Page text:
A Manager’s Guide to Crisis Management is Jonathan Bernstein’s second book. His first, Keeping the Wolves at Bay, was on media training (despite what the creative title might suggest). There are two pieces of crisis management–operations and communications–and this book covers the basics of both.
It’s hard to touch on everything related to crisis planning, but this book does a good job. Bernstein calls crisis management “an art rather than a science” because he believes handling crises is not a formulaic operation. It’s true, one template doesn’t fit all, but there are several pieces of crisis management that are predictable, and the book expounds on those regularities.
Bernstein labels three types of crises: creeping (the kind that goes unnoticed due to poor planning and monitoring), slow-burn (the type that lags forever such as lawsuits or internet activism), and sudden. He gives tips on working with all three and points out how effective crisis planning can benefit any organization. In fact, failure to plan could be catastrophic.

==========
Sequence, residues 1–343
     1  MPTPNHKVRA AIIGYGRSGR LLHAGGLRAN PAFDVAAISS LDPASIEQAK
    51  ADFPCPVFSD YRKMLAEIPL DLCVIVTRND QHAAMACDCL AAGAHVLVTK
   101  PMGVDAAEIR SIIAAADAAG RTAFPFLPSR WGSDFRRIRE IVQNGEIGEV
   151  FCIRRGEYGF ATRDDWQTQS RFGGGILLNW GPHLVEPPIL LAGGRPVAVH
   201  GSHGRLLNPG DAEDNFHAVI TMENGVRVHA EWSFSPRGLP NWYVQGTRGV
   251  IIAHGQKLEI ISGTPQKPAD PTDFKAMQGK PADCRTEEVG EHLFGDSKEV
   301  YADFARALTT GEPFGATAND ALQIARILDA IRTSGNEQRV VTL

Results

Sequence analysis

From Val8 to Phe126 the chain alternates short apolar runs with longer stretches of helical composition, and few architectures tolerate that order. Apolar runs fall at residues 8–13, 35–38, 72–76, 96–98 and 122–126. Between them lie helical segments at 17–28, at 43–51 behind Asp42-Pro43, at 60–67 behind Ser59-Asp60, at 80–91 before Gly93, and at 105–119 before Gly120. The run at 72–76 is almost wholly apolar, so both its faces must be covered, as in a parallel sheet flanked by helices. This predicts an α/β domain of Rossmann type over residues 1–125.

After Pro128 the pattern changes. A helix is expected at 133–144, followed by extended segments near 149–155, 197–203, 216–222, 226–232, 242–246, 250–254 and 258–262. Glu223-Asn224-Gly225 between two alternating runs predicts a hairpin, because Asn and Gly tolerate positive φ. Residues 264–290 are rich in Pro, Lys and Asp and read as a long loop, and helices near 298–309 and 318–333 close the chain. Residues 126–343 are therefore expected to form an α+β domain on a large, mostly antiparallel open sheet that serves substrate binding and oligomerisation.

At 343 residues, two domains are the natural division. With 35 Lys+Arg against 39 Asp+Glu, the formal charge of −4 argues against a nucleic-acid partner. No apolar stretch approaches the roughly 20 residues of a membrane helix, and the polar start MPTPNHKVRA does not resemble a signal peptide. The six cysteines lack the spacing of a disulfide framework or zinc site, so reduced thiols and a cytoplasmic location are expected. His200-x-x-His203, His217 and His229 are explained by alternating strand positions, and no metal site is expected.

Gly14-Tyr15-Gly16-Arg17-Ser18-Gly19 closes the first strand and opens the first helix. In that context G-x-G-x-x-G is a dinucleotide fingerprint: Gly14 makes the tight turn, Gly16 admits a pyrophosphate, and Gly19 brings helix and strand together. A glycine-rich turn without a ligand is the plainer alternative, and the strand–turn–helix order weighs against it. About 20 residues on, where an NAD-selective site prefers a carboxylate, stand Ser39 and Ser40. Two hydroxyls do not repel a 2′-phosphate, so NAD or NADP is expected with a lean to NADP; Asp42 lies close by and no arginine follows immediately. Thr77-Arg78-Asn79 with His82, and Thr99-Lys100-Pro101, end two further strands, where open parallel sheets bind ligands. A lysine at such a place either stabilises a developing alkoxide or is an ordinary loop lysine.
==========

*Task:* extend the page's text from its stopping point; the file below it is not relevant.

There’s no shortage of practical tips and advice in the book. They are presented in an easy-to-read manner with a series of key terms, smart managing tips, tricks of the trade, and cautions presented in graphic boxes with notifying icons.
The social media section of the book is a good inclusion (of course), and I would supplement (not contradict) his suggestions on monitoring software and online apps. There is also a much-needed discussion of the relationship of legal to crisis. This is an ongoing tug-of-war, and anyone who works in crisis management needs to get a handle on the importance of working with legal.
He also includes several chapters with specific info: crises in publicly-owned companies, cultural issues, and how to hire a crisis consultant. The book is a good, short read and I recommend it highly for anyone whose organization may ever have a crisis (that’s everybody, folks). As always, I’m on the lookout for good resources, so leave any you’ve found in the comments.